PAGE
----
Transport Consumption Inequalities and Redistributive Effects of Taxes: a Repeated Cross-sectional Evaluation for France, Denmark and Cyprus



Transport Consumption Inequalities and Redistributive Effects of Taxes: a Repeated Cross-sectional Evaluation for France, Denmark and Cyprus

Authors

A Berri, INRETS, FR; S V Lyk-Jensen, SFI, DK; I Mulalic, Technical University of Denmark and University of Copenhagen, DK; T Zachariadis, University of Cyprus, CY

Description

The paper evaluates transport consumption inequalities among households in France, Denmark and Cyprus, investigates their temporal dynamics and estimates the redistributive effects of taxes (in particular car-related taxes).

Abstract

Car taxes are not only a source of public revenues but also a policy tool to reduce traffic nuisances. Most of them were instituted in a time where the car was a luxury good (e.g. the French annual tax on vehicles owned in 1956, and the registration tax in Denmark in 1924!). The large social diffusion of the car over the past decades has doubtless lessened the progressivity of these taxes. The recent protests in several European countries against the rapid increase in fuel prices highlighted the sensitivity to the burden of fuel costs, not only of professionals but also of households, particularly the suburban ones who are more car-dependent.

This paper evaluates transport consumption inequalities among households in three EU countries (Cyprus, Denmark and France), investigates their temporal dynamics and estimates the redistributive effects of taxes on different commodity categories. It aims at providing insights into the possibility and desirability of using fiscal levers to limit car use and its environmental nuisances. A comparative analysis is carried out in light of the differences between these countries, most notably in terms of car and fuel taxation systems and car ownership levels.

Consumption is measured in terms of expenditures collected through budget surveys. By revealing the amounts spent on different goods and services, expenditure surveys tell us who bears the most the corresponding taxes (notably, according to income level) and thus the potential losers and gainers from possible changes in taxation. The analyses use household-level data from repeated cross-sections. For each country, a few distant survey periods (about 10 years apart) are selected among the available data sets: three for France (1978-79, 1989 and 2000-01), two for Cyprus (1991 and 2003), and two for Denmark (1997 and 2005).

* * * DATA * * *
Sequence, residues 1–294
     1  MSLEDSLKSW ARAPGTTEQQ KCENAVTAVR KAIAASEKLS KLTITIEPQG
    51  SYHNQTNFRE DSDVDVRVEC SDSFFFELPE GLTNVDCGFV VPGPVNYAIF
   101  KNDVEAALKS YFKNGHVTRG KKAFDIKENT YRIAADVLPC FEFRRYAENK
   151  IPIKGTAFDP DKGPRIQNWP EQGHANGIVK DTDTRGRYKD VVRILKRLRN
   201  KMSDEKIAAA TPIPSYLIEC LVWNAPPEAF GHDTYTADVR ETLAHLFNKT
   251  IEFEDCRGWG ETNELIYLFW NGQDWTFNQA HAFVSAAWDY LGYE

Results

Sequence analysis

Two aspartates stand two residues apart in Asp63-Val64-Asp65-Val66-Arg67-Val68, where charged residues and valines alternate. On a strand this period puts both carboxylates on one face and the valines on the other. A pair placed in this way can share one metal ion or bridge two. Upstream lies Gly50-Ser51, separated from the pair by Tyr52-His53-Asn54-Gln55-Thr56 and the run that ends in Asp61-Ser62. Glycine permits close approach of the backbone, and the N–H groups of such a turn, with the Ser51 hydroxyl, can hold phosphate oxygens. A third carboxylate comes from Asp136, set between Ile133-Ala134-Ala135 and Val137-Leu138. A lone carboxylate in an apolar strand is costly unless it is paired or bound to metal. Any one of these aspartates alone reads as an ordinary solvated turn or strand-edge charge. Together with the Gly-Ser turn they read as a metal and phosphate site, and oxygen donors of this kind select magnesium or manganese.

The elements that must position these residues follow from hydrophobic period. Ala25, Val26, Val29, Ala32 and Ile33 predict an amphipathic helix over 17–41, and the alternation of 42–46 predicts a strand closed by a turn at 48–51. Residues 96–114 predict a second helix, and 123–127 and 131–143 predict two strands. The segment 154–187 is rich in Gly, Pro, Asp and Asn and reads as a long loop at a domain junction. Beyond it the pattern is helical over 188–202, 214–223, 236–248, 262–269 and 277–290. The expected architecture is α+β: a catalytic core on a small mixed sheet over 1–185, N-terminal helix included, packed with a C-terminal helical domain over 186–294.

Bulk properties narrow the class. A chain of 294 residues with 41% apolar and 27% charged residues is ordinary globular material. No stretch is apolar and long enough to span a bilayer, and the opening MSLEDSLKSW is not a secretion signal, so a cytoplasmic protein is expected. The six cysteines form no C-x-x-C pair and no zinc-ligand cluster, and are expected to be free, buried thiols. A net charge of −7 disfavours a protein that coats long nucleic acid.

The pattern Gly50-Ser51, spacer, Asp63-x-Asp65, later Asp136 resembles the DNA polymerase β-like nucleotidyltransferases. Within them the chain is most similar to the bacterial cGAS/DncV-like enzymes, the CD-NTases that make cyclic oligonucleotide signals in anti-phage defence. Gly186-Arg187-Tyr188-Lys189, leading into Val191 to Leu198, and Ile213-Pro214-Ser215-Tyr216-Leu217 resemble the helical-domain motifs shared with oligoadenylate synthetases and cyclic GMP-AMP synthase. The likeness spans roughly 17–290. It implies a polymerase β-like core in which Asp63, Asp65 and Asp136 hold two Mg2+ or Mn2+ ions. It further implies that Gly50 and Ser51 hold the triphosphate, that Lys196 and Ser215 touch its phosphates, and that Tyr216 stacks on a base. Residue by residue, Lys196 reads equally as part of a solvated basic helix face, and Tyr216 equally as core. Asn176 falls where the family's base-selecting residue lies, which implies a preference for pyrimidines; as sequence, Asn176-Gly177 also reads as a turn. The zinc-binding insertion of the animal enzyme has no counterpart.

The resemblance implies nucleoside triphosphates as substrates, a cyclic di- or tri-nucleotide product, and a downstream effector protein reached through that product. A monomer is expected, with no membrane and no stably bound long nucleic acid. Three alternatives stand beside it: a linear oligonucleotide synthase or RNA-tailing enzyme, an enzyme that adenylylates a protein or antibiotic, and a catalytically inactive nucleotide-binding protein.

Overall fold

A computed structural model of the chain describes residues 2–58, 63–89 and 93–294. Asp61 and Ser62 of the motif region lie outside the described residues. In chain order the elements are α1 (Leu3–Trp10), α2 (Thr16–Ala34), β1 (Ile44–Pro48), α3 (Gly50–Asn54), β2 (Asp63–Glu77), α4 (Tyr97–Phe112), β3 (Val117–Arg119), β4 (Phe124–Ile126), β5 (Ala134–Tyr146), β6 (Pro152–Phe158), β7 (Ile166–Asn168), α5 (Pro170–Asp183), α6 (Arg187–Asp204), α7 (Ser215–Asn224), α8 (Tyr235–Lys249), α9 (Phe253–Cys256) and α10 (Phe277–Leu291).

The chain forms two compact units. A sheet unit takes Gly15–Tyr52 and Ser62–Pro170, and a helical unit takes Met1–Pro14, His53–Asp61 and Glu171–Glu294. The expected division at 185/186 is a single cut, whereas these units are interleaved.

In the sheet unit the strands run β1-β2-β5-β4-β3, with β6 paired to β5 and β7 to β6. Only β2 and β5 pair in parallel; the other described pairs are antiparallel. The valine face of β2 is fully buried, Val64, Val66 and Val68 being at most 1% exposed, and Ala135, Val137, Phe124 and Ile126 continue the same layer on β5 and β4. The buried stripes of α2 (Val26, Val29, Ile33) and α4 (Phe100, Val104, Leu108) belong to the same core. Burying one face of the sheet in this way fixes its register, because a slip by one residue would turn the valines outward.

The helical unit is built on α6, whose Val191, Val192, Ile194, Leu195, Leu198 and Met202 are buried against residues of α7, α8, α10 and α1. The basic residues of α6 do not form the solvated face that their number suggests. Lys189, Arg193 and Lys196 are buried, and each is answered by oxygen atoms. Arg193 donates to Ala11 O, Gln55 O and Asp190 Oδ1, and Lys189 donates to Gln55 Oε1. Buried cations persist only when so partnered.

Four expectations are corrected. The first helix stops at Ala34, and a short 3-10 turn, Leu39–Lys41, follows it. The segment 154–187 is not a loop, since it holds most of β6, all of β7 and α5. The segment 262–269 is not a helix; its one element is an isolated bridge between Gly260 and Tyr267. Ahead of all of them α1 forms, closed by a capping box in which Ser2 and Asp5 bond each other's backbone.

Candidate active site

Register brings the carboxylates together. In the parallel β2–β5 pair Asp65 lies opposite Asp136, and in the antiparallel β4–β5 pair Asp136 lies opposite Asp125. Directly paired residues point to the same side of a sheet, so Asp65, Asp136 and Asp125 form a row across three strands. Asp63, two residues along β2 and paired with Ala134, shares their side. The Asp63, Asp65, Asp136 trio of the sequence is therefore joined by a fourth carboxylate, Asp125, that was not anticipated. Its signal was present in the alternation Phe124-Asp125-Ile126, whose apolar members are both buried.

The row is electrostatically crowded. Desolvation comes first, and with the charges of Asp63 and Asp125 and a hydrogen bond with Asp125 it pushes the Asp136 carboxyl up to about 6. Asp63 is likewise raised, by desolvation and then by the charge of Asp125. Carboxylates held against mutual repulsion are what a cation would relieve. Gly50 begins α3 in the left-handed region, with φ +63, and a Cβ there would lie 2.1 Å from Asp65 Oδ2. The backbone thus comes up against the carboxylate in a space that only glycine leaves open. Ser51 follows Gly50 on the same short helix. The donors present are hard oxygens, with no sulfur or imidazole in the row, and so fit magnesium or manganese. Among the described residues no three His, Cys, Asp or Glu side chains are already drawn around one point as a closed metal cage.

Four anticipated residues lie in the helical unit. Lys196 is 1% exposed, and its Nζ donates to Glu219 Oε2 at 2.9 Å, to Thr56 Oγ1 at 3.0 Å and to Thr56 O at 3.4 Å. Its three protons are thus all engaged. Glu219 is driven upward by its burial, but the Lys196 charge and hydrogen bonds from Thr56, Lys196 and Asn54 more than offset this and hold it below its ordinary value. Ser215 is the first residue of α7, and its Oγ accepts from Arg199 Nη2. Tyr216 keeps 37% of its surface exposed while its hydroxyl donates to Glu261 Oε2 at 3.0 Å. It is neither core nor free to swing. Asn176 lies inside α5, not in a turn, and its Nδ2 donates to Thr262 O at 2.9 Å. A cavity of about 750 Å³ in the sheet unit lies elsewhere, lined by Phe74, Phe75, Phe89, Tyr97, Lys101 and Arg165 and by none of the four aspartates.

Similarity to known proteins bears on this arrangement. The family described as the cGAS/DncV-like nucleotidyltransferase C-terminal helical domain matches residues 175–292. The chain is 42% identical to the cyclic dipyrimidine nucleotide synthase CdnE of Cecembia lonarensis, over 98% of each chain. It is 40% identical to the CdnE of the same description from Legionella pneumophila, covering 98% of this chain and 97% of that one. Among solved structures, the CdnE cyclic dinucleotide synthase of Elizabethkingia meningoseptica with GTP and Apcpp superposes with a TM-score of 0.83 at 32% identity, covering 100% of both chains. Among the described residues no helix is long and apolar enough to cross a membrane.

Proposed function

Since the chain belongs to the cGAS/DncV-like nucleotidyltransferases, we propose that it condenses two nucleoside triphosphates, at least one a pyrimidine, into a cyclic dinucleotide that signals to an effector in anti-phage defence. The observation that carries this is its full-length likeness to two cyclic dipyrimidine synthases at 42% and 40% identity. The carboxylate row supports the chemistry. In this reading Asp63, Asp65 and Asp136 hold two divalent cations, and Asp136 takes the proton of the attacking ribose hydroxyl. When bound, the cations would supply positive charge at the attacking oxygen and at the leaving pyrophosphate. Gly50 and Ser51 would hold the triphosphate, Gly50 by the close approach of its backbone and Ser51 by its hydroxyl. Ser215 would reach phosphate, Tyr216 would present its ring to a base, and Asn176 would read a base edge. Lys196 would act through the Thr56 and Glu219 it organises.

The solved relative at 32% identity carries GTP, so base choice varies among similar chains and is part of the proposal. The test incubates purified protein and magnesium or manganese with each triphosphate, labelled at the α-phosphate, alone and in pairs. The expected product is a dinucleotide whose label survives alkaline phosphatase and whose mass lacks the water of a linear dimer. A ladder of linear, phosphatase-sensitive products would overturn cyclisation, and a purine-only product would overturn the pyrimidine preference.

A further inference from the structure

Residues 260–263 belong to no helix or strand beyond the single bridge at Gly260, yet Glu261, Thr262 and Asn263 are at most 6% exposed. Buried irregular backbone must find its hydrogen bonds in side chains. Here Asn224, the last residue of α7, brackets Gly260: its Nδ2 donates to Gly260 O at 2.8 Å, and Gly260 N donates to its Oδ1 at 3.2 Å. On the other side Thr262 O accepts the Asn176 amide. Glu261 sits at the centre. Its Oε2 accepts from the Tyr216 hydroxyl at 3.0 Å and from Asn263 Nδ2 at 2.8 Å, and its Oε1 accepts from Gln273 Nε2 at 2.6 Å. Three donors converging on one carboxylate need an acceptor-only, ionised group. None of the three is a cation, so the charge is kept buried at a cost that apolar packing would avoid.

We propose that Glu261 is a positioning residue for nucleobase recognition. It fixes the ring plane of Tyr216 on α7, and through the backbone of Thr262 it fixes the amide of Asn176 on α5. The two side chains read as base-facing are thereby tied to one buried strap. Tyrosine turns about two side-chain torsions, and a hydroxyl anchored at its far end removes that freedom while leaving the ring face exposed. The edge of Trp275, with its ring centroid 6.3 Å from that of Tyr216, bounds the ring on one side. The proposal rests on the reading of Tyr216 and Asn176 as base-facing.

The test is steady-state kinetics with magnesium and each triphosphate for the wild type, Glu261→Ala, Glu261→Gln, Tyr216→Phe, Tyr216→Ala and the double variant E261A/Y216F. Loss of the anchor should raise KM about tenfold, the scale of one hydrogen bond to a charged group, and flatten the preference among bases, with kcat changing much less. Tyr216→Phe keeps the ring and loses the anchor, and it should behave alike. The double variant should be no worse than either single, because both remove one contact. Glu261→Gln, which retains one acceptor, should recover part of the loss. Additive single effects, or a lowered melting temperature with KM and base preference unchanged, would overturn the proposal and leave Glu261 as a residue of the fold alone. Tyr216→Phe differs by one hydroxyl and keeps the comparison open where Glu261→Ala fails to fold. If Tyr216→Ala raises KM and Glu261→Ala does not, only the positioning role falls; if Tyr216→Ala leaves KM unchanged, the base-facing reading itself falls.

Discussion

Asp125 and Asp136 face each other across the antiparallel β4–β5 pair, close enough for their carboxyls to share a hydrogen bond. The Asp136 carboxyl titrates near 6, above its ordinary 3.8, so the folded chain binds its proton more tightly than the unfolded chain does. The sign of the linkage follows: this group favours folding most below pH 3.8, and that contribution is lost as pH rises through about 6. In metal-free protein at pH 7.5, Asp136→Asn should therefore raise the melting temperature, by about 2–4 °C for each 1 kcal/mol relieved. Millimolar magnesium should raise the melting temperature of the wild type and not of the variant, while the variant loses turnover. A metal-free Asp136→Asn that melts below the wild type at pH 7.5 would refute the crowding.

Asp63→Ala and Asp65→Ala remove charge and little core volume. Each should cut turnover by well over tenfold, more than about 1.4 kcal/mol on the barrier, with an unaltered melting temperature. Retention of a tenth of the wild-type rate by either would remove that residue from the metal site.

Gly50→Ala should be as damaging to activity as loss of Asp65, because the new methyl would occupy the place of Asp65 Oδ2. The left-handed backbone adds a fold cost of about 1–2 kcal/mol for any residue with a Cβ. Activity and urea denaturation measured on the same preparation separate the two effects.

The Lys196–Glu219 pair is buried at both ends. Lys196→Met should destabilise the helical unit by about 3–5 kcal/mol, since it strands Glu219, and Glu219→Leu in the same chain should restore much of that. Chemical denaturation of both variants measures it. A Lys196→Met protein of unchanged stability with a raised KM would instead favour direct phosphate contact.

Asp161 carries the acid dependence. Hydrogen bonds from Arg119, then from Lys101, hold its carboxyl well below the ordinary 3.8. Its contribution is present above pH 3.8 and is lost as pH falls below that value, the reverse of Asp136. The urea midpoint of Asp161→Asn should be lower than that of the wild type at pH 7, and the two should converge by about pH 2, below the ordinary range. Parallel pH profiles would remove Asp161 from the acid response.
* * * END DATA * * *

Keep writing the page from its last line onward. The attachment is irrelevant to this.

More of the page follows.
We apply a decomposition of the Gini inequality index by expenditure component. The contribution of each component to total inequality is a function of its proper Gini coefficient, its budget share and its degree of association with total expenditure. This method allows a better understanding of the inequality mechanisms, in particular their temporal evolution. Moreover, it permits evaluating the redistributive effect of (a change in) a tax on a good or a service. The redistributive effect of a tax is measured by its impact on inequalities. Finally, it provides estimates of elasticities with respect to total expenditure (or income) without specifying a functional form for the Engel curves.

The results highlight the effect of car social diffusion. Indeed, the relative contribution of car use items to total expenditure inequality decreases over time, reflecting the more and more widespread use of the car. Moreover, fuel taxes become regressive (i.e. they affect the poor more than the rich) except in Denmark where they are still slightly progressive (i.e. they affect the rich more than the poor), while the progressive character of taxes on the remaining car use commodities weakens with time. Taxes on transport goods and services as a whole are progressive. This progressivity is, however, mainly attributable to the progressivity of taxes on car purchases, strongly linked to income and constituting the largest budget share as compared to other types of transport expenditure. The progressivity of taxes on car purchases is by far much stronger in Denmark. In this country, these taxes are so high that car purchase costs can be afforded only by high incomes.

As a consequence, the design of policy measures to reduce car use as a mean to attenuating its nuisances for the environment should also take into account the imperative of equity. Increasing car use costs, notably fuel prices, through uniform taxes would be unfair. In particular, the least wealthy car-dependent households living in low-densely populated zones would face a heavy burden they cannot avoid. Area-specific measures may be more appropriate. In the case of dense urban areas, urban tolls and restrictions of access are examples of such measures. In parallel, public transport supply is to be improved in terms of lines of service, speed, punctuality, comfort, etc. In addition, a global approach should include actions on the housing sector so as to increase the density of the urban fabric and attenuate the sprawl tendency.

Publisher

Association for European Transport